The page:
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I'm currently studying for a physics exam, and I'm coming up with some trouble on a particle physics question. I'd probably be able to get it, but I'm not actually sure if the content was taught and as far as I can tell there's no practice material (with worked answers that might help me understand more) for this particular type of question. I could just not study it, but I'd rather not be left in the dark if it comes up.

The question is as below:

Each of the decays or reactions is missing a particle. Use the various selections rules, including that of quark flavour, to identify the particle.

  1. $K^- + p \rightarrow \Sigma^+ + \pi^- + \ ?$

  2. $\pi^- + p \rightarrow p + \overline{\Sigma^+} + \ ?$

  3. $\Sigma^+ + n \rightarrow \Xi^0 + n + \ ?$

  4. $\Lambda^0 + p \rightarrow \Sigma^+ + \ ?$

  5. ${ \left( \Delta^* \right) }^+ \rightarrow \pi^+ + \ ?$

We are also given a 'useful information' sheet, which give the charge, spin, strangeness, baryon number, rest energy and mean lifetime of various baryons, mesons, leptons, and the up, down, spin quarks. We aren't given the quark components of the baryons or mesons.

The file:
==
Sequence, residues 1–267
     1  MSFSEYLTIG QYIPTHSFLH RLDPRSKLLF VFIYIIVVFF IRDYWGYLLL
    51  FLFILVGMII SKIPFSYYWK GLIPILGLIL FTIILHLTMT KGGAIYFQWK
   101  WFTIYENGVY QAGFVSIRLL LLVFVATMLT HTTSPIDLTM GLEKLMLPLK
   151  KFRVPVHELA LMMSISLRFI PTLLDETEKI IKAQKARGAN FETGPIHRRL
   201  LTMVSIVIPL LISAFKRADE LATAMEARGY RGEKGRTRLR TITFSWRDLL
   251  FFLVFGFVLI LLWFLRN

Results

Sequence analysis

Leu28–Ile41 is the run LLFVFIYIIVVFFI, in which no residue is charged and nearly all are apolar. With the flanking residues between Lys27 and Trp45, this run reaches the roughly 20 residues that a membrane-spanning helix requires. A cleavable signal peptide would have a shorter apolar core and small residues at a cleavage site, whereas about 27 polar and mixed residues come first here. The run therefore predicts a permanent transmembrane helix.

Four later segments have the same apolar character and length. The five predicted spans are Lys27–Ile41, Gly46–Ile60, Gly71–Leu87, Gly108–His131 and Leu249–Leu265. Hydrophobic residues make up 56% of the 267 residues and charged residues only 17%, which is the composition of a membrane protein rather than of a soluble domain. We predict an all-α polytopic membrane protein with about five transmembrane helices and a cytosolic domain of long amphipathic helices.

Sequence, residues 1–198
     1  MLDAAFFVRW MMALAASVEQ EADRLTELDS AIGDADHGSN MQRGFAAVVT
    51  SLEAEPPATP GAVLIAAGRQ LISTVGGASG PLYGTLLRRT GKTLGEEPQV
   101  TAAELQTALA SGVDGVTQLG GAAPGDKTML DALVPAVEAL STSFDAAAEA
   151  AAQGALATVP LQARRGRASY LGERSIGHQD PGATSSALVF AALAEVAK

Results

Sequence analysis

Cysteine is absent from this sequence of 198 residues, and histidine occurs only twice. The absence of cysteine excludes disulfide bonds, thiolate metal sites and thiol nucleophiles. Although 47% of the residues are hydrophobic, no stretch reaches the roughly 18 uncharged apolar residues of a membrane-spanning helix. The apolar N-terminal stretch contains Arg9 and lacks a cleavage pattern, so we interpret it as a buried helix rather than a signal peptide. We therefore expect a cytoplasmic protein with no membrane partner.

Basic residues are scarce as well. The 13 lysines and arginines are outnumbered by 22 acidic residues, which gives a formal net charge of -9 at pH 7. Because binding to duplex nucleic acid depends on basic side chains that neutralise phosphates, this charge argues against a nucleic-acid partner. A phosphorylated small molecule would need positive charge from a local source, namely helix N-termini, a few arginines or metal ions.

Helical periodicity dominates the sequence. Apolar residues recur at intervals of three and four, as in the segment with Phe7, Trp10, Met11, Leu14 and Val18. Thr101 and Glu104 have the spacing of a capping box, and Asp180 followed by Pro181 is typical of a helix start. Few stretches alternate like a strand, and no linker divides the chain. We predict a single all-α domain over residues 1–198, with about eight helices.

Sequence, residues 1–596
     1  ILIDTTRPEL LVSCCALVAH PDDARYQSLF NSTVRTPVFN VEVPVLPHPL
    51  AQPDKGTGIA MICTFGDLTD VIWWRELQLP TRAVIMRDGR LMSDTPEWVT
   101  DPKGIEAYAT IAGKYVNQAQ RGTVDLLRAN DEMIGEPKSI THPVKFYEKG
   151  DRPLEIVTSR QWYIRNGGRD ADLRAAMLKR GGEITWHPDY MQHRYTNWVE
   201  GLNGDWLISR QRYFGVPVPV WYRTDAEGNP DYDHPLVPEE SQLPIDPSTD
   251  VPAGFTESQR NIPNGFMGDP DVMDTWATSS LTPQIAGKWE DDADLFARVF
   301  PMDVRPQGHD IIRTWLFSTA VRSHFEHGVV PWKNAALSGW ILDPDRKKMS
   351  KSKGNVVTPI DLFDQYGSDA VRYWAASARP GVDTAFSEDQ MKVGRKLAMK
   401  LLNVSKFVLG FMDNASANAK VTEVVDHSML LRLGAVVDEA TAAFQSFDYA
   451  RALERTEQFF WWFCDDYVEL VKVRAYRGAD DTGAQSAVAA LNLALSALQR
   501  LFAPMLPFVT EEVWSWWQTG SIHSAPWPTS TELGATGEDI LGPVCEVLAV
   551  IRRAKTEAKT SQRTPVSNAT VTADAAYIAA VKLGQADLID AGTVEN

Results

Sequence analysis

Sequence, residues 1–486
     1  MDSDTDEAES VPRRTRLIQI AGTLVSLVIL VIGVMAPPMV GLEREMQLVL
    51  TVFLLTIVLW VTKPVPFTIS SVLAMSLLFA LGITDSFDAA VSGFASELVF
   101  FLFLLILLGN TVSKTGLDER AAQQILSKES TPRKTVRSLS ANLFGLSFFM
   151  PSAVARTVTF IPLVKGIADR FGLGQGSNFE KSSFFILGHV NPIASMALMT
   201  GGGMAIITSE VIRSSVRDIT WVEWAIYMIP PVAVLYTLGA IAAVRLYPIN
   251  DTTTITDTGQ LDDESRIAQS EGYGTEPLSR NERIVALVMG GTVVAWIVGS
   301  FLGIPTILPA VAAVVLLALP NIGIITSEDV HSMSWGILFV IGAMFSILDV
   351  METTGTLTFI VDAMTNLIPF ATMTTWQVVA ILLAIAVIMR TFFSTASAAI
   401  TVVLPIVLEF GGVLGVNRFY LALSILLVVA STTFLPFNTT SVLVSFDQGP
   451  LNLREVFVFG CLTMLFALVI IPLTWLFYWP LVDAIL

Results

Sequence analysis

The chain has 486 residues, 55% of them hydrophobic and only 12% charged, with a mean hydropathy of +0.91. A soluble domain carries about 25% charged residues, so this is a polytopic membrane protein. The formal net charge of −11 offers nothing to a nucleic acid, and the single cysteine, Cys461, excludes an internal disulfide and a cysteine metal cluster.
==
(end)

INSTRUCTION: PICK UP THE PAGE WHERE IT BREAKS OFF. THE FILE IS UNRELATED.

I guess my main confusion is what these 'selection rules' are that are alluded to by the question, and how I would apply these to solve this type or problem?

Many thanks if you can help. I know homework questions aren't really appreciated but I'm really stuck and would be very thankful.

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Strong interactions conserve

  • baryon number
  • electric charge
  • strangeness, charm, and other heavy-quark quantum numbers
  • total energy, including rest energy --- which constrains decays, but not so much beam interactions
  • total angular momentum (more important when computing relative cross sections than for identifying particles)
  • total isospin (using angular momentum rules; you may not have covered this one)
  • total parity (but orbital angular momentum contributes here)
  • probably some other things

For one example, your #2 has baryon number $B_\pi+B_p = 0+1 = +1$ on the left, but currently baryon number $B_p + B_{\overline\Sigma} = 1-1=0 $ on the right, so whatever is missing must be another baryon --- a neutral baryon with strangeness $S_? = -1$.

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  • $\begingroup$ So for your example for #2, there won't necessarily be just one particle which would be a solution? It could be a $\Lambda^0$ or a $\Sigma^0$. Also, I was particularly struggling with identifying an issue with #1? Everything seemed fine there that I could see using the conservation laws you mentioned... I might have missed something though $\endgroup$ – LiggyRide Jun 13 '17 at 5:10
  • $\begingroup$ The quantum number that distinguishes a $\Lambda^0$ from a $\Sigma^0$ is isospin. It may be that both are permitted but occur at different rates; see physics.stackexchange.com/q/292963/44126 $\endgroup$ – rob Jun 13 '17 at 14:41

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